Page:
The 2nd Avenue Deli has been a world-famous New York City institution for more than 60 years. Abe Lebewohl, known as the "Mayor of 2nd Avenue," was a beloved neighborhood institution in his own right. Lebewohl was gunned down in a senseless robbery-homicide on the cold morning of March 4, 1996.

Two retired detectives, Jeff Salta and James Piccione, who don't know the meaning of the word "quit," are determined to keep this decades-old unsolved crime alive until they can finally close the book on it.

Abe Lebewohl was a survivor from the beginning, a man who lived through the nightmare of the Holocaust to reach the American dream, with a lot of hard work and an extra-large heart.

Lebewohl was pals with lots of celebrities and household names, like Muhammad Ali, Milton Berle and Bob Hope, but the little guy always had a place at the table too. Everybody in the neighborhood loved Lebewohl.

Except for someone who was waiting for him the Monday morning he got in his van to drop off the deli's weekend earnings -- a few thousand dollars -- at the bank down the street. Lebewohl, 64, was fatally shot by a robber outside the bank.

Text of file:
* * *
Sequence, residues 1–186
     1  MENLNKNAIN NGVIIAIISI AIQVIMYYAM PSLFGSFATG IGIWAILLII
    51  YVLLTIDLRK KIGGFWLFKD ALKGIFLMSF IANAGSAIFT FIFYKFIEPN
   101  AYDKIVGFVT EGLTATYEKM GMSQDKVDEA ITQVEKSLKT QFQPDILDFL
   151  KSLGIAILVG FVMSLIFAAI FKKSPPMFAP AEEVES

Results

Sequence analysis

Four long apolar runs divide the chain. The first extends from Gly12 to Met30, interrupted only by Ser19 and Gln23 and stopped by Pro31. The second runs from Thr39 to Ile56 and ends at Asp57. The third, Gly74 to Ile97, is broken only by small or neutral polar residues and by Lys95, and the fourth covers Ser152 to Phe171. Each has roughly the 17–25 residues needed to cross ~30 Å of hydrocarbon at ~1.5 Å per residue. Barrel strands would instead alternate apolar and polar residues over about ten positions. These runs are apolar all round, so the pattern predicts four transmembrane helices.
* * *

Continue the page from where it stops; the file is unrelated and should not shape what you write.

For his family, and for an entire city, the same question is on everybody's lips: Who would want to hurt Abe Lebewohl?

Two decades after Lebewohl's shocking murder, retired detectives Piccione and Salta still pound the pavement and knock on doors.

The leads have been few. But police did recover the murder weapon days after the crime when it was found in a patch of grass in Central Park by a passerby.

Ballistics tests only raised more questions.

"What we found out a few days after the gun was recovered was that gun was used in a robbery at the Sawmill River Parkway Motel, located in Elmsford, New York, and in that robbery two motel workers were killed," said Piccione. "In 1994 that gun was used in a robbery where the victim was shot. But he survived. So we have one gun, three robberies, three people killed."

They still don't know who was behind those shootings either. But they are convinced that somebody out there does know and that the dots will someday be connected at last.

Abe Lebewohl's original place of business closed years ago and moved uptown. But the fruits of his labor still provide a place for friends to share a meal and memories, and hopes that in a place where the doors are open to all, they can start to get some closure at last.

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